Delores Matil, a Venezuelan migrant who works as a housekeeper, leaves the Immigration Office in San Fernando, after dropping off her re-registration.

The re-registration of Venezuelan migrants got off to a slow start in San Fernando on Monday.

Up to press time, less than a hundred migrants had delivered their forms in the drop off box, set up at the Immigration Division office at Knox Street.

A handful of Venezuelans were seen sheltering from the rain opposite the office during the morning period.

Delores Matil, a Venezuelan migrant who was the third person to drop off her form, said she was pleased that the process went so smoothly.

“I was number three. They asked me a question and I dropped off my form and I was done in two minutes,” Matil said.

She urged other Venezuelan nationals to organize their forms early and drop them off hassle-free as soon as they could.

Former Venezuelan Judge Manuel Romero told Guardian Media that he planned to drop off his documents later this week. He said he was still in the process of getting supporting documents and was happy that the process was a smooth one.

However, the coordinator of the La Romaine Migrant Support Group Angie Ramnarine told Guardian Media that some Venezuelans faced difficulties in organizing the re-registration documents.

“Some of them were unable to download the form so we were able to help with downloading and photocopying. Before the process actually began we provided forms to about 50 migrants,” she added.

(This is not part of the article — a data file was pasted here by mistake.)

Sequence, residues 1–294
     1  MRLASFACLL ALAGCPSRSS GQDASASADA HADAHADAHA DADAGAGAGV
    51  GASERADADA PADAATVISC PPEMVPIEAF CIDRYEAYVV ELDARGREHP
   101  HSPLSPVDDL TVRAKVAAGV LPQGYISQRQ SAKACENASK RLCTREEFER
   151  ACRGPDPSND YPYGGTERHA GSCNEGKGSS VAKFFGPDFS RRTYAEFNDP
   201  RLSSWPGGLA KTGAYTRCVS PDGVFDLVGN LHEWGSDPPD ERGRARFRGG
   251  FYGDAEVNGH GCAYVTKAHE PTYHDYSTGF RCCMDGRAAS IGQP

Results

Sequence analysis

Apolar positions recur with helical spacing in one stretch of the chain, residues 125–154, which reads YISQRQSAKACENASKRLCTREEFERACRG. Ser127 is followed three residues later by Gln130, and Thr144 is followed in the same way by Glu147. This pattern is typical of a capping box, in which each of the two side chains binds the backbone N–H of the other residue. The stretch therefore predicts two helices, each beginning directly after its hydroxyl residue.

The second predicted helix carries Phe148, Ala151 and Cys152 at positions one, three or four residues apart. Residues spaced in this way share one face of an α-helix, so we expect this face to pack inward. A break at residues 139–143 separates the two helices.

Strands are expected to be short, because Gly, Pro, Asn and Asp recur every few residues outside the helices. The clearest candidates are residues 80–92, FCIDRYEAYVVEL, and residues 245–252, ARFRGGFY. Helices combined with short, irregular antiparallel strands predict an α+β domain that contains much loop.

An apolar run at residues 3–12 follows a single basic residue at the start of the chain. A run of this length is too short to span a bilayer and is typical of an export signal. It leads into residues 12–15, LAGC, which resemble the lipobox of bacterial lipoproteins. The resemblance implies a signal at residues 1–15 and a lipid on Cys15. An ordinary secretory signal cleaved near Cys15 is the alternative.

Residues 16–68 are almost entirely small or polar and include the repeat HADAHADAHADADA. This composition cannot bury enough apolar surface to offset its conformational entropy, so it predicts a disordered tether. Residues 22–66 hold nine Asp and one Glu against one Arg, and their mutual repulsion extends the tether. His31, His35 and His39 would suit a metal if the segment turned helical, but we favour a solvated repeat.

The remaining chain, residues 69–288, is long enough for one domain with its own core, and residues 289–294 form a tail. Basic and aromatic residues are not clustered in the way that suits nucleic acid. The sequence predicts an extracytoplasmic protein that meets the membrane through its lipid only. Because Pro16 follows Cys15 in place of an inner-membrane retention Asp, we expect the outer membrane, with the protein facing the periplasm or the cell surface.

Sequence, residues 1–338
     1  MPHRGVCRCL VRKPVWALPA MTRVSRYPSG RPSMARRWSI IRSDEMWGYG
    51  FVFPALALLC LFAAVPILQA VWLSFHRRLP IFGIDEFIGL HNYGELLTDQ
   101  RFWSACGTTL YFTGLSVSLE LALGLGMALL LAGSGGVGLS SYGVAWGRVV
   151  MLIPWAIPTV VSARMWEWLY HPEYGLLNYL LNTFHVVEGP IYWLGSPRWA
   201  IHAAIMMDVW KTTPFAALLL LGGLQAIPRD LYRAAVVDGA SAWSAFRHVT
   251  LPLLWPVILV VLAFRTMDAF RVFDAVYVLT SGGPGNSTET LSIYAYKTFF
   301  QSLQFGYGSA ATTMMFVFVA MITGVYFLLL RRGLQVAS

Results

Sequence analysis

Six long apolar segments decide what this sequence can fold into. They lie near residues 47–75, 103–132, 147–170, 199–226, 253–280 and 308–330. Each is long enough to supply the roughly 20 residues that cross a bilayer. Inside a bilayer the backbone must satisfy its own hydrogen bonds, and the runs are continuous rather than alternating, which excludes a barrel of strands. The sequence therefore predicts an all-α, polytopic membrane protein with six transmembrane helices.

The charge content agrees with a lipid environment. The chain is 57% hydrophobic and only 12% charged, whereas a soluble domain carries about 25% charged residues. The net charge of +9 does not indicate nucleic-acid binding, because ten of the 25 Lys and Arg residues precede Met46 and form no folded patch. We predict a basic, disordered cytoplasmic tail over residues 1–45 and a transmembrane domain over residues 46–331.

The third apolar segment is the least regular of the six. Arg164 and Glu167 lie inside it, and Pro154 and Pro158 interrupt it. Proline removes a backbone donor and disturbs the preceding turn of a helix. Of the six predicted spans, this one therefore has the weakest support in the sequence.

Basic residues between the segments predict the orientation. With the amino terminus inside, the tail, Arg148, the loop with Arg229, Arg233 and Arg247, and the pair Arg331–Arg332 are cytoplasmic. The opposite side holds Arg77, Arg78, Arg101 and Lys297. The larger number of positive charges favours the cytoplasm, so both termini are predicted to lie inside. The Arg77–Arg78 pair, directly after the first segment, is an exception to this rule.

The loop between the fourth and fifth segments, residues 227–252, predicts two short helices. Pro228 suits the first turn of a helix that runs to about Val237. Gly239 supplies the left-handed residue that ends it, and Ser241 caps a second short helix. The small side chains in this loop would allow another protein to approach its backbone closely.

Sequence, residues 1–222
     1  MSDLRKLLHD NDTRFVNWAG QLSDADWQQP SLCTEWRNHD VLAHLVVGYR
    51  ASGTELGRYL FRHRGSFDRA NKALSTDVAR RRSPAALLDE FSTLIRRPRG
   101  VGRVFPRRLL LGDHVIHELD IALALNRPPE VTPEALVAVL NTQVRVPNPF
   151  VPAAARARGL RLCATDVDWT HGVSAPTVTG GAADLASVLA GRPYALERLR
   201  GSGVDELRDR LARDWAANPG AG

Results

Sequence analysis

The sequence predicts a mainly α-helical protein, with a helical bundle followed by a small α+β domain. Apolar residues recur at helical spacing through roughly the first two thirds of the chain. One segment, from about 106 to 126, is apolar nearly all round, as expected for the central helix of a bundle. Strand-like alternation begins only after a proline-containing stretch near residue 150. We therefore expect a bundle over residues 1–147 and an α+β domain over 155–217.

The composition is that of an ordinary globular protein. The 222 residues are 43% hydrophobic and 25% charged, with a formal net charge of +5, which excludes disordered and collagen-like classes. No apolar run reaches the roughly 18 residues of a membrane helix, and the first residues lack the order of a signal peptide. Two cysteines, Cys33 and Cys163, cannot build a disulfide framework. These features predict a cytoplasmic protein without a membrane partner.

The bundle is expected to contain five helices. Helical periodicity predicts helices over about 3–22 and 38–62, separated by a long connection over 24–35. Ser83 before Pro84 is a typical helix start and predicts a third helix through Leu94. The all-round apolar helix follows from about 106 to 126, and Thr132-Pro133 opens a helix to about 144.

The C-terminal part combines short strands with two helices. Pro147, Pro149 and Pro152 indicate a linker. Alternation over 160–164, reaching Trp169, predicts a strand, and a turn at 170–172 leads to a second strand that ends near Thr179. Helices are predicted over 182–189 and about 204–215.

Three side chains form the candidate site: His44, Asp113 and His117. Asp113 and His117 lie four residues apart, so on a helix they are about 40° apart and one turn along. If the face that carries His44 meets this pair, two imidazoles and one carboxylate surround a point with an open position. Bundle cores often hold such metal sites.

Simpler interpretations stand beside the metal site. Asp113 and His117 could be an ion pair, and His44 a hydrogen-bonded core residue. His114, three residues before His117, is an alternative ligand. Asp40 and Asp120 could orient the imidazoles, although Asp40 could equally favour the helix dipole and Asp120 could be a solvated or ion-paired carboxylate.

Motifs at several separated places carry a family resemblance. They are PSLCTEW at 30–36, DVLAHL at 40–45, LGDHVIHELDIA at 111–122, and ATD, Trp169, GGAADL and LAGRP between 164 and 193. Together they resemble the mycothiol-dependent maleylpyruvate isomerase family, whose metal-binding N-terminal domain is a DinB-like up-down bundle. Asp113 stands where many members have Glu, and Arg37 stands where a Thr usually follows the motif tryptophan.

However, Ramnarine said getting a stamped job letter proved to be difficult for some.

“Lots of people who may have been working during the registration no longer have jobs in the same companies and in some cases, post-pandemic, these companies may have folded up,” she added.

She noted that there was a possibility that the migrants may re-register in other parts of the country.

“We have to remember that the migrant population is fluid and dynamic. Since they registered in 2019, many of them have moved to other parts of the country and have formed their own diaspora.

Ramnarine also said many of the migrants did house cleaning and odd jobs which meant their employer could not provide stamped job letters.

Despite all this, Ramnarine expressed relief that the process was smooth, “This time it is much more orderly than the initial registration process. The migrants have two weeks to re-register and we think that only a few came out this morning because many of them had to work or may not have all the accompanying documents to go with the form.”

More than 16,000 migrants who fled the socio-economic turmoil in Venezuela, are expected to re-register at Immigration Division Offices across the country.

The re-registration is expected to close on March 26.